Hope this helps! Let me know if you need further information.
quote
Thank you for your reply!

Do you have any idea about the cost and duration of taking the additional courses? Also, do you know how many courses UK LLB graduates are normally required to take? I am only aware of Federal Constitutional Law as a definate!

Thank you :-)
Thank you for your reply!

Do you have any idea about the cost and duration of taking the additional courses? Also, do you know how many courses UK LLB graduates are normally required to take? I am only aware of Federal Constitutional Law as a definate!

Thank you :-)
quote
Gregor2009
Hey,

I can only give you my perspective from my personal experience so it might be wrong. I am in Queensland and the Universities are the assessing authorities.

The courses required for UK students that I have met varied. You are right that the most definite would be Federal Constitutional Law. However, some have been asked to complete Administrative Law and some have been asked to complete Company Law. These are basically the more 'popular' courses that are completed by UK students.

In terms of cost, they are around 2000 each for international students. Depending on availability, you can finish up in 6 months? Each course is offered only once a year so you might being in the situation where Constitutional Law is offered in first half of the year and Administrative Law being offered in the second half of the year - thus taking you 1 year. However, there is nothing stopping you from resolving this issue by doing subjects on a non-award basis at two different universities at the same time! :)

Let me know if you need anything else and I will try to help.

Regards
Greg
Hey,

I can only give you my perspective from my personal experience so it might be wrong. I am in Queensland and the Universities are the assessing authorities.

The courses required for UK students that I have met varied. You are right that the most definite would be Federal Constitutional Law. However, some have been asked to complete Administrative Law and some have been asked to complete Company Law. These are basically the more 'popular' courses that are completed by UK students.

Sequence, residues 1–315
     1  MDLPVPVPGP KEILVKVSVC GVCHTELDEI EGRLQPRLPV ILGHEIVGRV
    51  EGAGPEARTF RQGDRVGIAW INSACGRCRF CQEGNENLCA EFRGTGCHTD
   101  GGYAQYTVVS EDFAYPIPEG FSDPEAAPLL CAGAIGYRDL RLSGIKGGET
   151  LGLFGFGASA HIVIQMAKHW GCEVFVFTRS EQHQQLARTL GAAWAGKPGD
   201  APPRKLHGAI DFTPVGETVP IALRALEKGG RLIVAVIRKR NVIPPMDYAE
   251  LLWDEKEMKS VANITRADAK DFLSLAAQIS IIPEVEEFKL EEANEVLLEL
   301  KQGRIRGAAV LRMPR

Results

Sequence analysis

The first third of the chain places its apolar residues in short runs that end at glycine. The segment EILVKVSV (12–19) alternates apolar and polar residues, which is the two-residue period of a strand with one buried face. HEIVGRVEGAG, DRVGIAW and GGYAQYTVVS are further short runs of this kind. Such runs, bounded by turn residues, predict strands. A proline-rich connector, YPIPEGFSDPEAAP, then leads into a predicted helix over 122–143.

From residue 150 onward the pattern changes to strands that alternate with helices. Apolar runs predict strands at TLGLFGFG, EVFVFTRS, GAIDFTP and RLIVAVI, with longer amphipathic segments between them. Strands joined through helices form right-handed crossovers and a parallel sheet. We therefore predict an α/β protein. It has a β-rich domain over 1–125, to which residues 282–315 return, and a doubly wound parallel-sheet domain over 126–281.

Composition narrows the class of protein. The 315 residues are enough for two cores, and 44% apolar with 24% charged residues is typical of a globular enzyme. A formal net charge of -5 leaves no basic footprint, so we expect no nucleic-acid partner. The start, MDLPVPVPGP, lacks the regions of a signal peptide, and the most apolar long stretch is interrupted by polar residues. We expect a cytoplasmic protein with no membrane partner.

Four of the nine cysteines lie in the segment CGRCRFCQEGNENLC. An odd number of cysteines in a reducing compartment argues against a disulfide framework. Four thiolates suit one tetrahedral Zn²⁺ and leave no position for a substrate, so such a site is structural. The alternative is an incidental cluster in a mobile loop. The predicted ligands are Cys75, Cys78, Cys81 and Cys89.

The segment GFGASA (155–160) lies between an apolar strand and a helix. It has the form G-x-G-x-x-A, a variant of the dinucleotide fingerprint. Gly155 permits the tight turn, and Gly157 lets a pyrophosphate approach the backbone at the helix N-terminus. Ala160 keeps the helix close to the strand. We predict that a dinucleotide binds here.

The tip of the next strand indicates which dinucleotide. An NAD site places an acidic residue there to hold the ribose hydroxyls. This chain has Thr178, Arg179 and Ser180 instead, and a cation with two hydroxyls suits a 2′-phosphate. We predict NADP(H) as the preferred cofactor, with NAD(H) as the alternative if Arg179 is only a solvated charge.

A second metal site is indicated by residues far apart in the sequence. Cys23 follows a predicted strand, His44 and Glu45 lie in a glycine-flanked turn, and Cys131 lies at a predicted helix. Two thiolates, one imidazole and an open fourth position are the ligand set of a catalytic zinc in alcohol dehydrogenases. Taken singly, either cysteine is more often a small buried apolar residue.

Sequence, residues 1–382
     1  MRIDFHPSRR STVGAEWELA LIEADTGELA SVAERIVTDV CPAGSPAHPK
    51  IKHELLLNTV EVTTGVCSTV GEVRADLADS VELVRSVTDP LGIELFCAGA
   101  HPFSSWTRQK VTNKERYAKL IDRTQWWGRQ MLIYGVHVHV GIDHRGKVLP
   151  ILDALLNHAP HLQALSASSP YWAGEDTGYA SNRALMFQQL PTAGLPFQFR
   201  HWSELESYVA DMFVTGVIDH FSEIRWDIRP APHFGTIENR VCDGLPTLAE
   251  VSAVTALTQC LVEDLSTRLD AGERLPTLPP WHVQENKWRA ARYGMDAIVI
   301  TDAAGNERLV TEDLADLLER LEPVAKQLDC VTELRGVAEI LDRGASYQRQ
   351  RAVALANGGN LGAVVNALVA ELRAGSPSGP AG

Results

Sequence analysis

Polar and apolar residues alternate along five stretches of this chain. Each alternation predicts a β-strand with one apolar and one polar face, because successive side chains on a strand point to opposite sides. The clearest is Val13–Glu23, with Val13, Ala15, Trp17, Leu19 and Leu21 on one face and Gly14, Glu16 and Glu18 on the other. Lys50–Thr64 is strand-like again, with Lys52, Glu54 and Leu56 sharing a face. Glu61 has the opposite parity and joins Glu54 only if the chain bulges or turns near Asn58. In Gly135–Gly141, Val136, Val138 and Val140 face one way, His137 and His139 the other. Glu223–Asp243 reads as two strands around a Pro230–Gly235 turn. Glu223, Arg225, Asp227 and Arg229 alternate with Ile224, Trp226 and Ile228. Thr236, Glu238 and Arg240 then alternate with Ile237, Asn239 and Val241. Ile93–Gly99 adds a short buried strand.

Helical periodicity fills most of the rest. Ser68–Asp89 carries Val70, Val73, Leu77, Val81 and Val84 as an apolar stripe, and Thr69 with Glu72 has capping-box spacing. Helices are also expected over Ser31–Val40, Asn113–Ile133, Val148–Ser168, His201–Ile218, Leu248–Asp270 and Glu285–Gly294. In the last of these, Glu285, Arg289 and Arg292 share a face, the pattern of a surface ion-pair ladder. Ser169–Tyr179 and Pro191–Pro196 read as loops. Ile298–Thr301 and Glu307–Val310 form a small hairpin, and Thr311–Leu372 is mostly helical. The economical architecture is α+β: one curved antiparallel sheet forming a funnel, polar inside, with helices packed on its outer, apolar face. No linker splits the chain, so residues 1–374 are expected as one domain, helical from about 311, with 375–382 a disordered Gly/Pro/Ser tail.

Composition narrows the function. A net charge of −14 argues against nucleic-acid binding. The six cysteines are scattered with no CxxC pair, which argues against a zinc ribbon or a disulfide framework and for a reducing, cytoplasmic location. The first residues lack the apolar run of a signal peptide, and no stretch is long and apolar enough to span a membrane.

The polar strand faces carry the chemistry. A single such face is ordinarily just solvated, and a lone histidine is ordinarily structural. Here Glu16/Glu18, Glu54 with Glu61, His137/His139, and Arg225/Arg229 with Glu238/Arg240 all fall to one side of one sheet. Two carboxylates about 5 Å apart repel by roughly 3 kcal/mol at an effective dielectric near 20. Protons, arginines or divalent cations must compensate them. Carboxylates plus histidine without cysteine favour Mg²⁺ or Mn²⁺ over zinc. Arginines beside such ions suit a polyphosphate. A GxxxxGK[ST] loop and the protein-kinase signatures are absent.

In terms of cost, they are around 2000 each for international students. Depending on availability, you can finish up in 6 months? Each course is offered only once a year so you might being in the situation where Constitutional Law is offered in first half of the year and Administrative Law being offered in the second half of the year - thus taking you 1 year. However, there is nothing stopping you from resolving this issue by doing subjects on a non-award basis at two different universities at the same time! :)

Let me know if you need anything else and I will try to help.

Regards
Greg
quote
When you say 2000 - do you mean sterling or Aus dollars? Queensland would be my choice, because my husband is a marine biologist with tropical marine biology as his specialism, so he would like to be based in Queensland. Do you know if John Cooks offer the courses I would need?
Also, are there any sponsorship options? And finally, obviously you can get a student visa to take the courses, but do you know how this increases your chances of getting another visa to continue work after the course- from what I understand you need 2 years Aus study to achieve a visa without work experience - it would be a shame to do the course and then not be able to stay in Aus to look for work! Are there any options other than Employer Sponsored Temp Visa once the courses have been taken, do you know?

Sorry to pester you with queries!!

:-)
When you say 2000 - do you mean sterling or Aus dollars? Queensland would be my choice, because my husband is a marine biologist with tropical marine biology as his specialism, so he would like to be based in Queensland. Do you know if John Cooks offer the courses I would need?
Also, are there any sponsorship options? And finally, obviously you can get a student visa to take the courses, but do you know how this increases your chances of getting another visa to continue work after the course- from what I understand you need 2 years Aus study to achieve a visa without work experience - it would be a shame to do the course and then not be able to stay in Aus to look for work! Are there any options other than Employer Sponsored Temp Visa once the courses have been taken, do you know?

Sorry to pester you with queries!!

:-)
quote
Gregor2009
Hi there,

In relation to the studies at James Cook University this is the website you will have to look at --> http://www.jcu.edu.au/law/degrees/index.htm